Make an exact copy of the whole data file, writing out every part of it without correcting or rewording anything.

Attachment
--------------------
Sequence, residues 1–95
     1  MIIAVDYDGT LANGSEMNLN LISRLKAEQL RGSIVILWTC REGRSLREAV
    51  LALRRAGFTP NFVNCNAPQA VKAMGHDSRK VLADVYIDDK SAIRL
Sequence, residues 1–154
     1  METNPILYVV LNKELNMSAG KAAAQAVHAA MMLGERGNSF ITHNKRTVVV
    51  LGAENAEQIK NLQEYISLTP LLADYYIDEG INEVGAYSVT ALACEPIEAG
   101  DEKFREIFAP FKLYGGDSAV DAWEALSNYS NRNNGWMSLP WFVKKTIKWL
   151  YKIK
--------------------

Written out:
Sequence, residues 1–95
     1  MIIAVDYDGT LANGSEMNLN LISRLKAEQL RGSIVILWTC REGRSLREAV
    51  LALRRAGFTP NFVNCNAPQA VKAMGHDSRK VLADVYIDDK SAIRL
Sequence, residues 1–154
     1  METNPILYVV LNKELNMSAG KAAAQAVHAA MMLGERGNSF ITHNKRTVVV
    51  LGAENAEQIK NLQEYISLTP LLADYYIDEG INEVGAYSVT ALACEPIEAG
   101  DEKFREIFAP FKLYGGDSAV DAWEALSNYS NRNNGWMSLP WFVKKTIKWL
   151  YKIK